Pre-filing Search (Optional)

In preparing a patent specification, it’s often a useful exercise to conduct a patent search. A patent search involves a keyword-based search that seeks to locate relevant prior art. Often this involves using a patent search engine to enter a combination of words that you believe are most likely to relate to your invention. For example, in the case of our chair invention you might enter ‘leg’, ‘seat’, ‘back’, and ‘support’ into a popular search database such as Espacenet and review the results.

Patent searching can be a dark art and conducting a comprehensive search is a topic for a whole other article!

Whilst a pre-filing patent search is optional, the results are often useful in deciding what features of your invention are new and, hence, which aspects to focus on when drafting the claims and the description.

Once the patent specification has been prepared, we need to file the initial patent application or ‘first filing’…

The First Filing

To initiate your application, you need to submit your patent specification to a patent office together with a request for grant of a patent and, if required on filing, payment of official fees.

Generally, your first patent application will be submitted to the patent office of the country in which the invention was reduced to practice (although it can get complicated with certain nationalities and with inventions having multiple inventors in multiple different jurisdictions!).

This first filing is very important because its filing date is used to determine what constitutes prior art in relation to your invention.

In the strictest jurisdictions, the prior art will comprise everything made available to the public before the date of filing of your patent application. Therefore, as stated above, it’s essential to file your patent application before you disclose any details to the public and to do so as early as possible to minimise the amount of prior art that can be used to challenge the patentability of your invention i.e. whether it’s new and/or inventive.

At this stage, you might be wondering what you can do about filing patent applications overseas. Whilst your home country might be important to your commercial activities, there may be other markets that are equally, if not more, important, or potentially important, to your business.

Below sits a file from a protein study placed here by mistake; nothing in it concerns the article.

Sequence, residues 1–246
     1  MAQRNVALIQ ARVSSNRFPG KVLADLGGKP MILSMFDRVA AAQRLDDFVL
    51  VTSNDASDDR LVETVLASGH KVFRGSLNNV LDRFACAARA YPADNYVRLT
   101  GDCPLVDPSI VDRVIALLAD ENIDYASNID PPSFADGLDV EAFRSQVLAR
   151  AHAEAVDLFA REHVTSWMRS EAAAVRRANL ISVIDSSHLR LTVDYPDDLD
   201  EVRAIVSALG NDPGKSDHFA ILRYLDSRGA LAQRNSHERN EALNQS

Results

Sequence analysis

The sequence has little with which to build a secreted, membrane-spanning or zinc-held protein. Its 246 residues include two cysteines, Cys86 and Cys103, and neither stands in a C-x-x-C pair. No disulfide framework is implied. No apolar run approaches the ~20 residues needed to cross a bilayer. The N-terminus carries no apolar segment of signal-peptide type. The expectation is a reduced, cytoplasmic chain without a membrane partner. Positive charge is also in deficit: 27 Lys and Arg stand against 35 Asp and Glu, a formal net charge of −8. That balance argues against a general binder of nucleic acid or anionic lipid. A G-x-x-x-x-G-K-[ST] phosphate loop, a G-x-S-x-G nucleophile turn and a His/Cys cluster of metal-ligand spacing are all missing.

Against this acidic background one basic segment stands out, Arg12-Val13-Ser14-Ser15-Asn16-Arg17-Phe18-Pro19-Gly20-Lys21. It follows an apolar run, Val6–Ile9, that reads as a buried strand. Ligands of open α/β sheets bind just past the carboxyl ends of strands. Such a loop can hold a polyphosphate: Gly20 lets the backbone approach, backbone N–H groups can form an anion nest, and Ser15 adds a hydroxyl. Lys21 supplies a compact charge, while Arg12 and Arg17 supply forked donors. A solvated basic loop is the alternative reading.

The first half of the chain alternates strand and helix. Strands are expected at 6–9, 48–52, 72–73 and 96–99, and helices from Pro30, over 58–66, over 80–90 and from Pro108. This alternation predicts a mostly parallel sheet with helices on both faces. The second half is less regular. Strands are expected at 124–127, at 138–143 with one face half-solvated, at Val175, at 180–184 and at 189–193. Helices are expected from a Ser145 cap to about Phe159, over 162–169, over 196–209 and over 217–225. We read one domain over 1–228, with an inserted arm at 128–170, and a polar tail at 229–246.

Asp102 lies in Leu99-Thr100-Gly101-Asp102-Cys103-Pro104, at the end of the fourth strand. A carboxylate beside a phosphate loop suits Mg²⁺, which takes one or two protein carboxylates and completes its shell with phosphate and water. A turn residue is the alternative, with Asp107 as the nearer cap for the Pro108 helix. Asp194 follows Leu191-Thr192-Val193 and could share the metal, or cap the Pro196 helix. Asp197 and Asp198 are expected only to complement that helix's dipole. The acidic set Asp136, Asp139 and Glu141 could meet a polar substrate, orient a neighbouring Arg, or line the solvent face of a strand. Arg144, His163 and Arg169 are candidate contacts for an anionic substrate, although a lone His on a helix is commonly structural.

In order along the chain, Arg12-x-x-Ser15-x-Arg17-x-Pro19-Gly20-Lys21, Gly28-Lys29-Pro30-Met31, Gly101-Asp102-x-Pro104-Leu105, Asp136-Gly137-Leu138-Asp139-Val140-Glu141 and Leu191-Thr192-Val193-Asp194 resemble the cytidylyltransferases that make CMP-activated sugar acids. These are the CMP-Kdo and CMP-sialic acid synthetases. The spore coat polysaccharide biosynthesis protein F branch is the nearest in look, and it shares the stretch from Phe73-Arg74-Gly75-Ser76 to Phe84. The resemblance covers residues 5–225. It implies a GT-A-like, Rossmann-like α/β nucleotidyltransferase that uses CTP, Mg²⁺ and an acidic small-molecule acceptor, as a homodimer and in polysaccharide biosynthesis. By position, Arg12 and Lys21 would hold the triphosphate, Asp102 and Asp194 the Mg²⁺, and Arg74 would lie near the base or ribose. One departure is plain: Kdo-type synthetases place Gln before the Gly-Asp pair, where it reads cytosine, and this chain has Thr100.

This is where the ‘priority date’ and the ‘priority window’ come into play.

Filing Overseas

Your first filed patent application for your invention establishes a ‘priority date’ for your invention and initiates a 12-month priority window in which to file corresponding patent applications overseas. Provided you file a corresponding patent application overseas within this 12-month window, you will have the right to claim priority to your first filed patent application.

With a valid priority claim, provided certain criteria are met, your overseas patent applications will be treated as if they were filed on the same day as your first filed patent application even though they were filed 12-months later.

For example, if you file a Hong Kong short term patent application on 1 October 2018 and a corresponding European patent application on 1 October 2019 with a claim to priority to your Hong Kong short term patent application, your corresponding European patent application will be treated, for the purposes of assessing patentability, as if it was filed on 1 October 2018. Thus, a European examiner can only rely on prior art that was disclosed to the public or, in the case of a published patent application, filed before 1 October 2018, rather than 1 October 2019, in assessing whether your invention is new and inventive.

You will appreciate that this 12-month priority window can be a very useful way to delay relatively costly overseas patent filings. However, what if 12 months is not enough and you need more time to raise the capital to fund your patent applications? This is where the international patent application, commonly referred to as a PCT, can be used.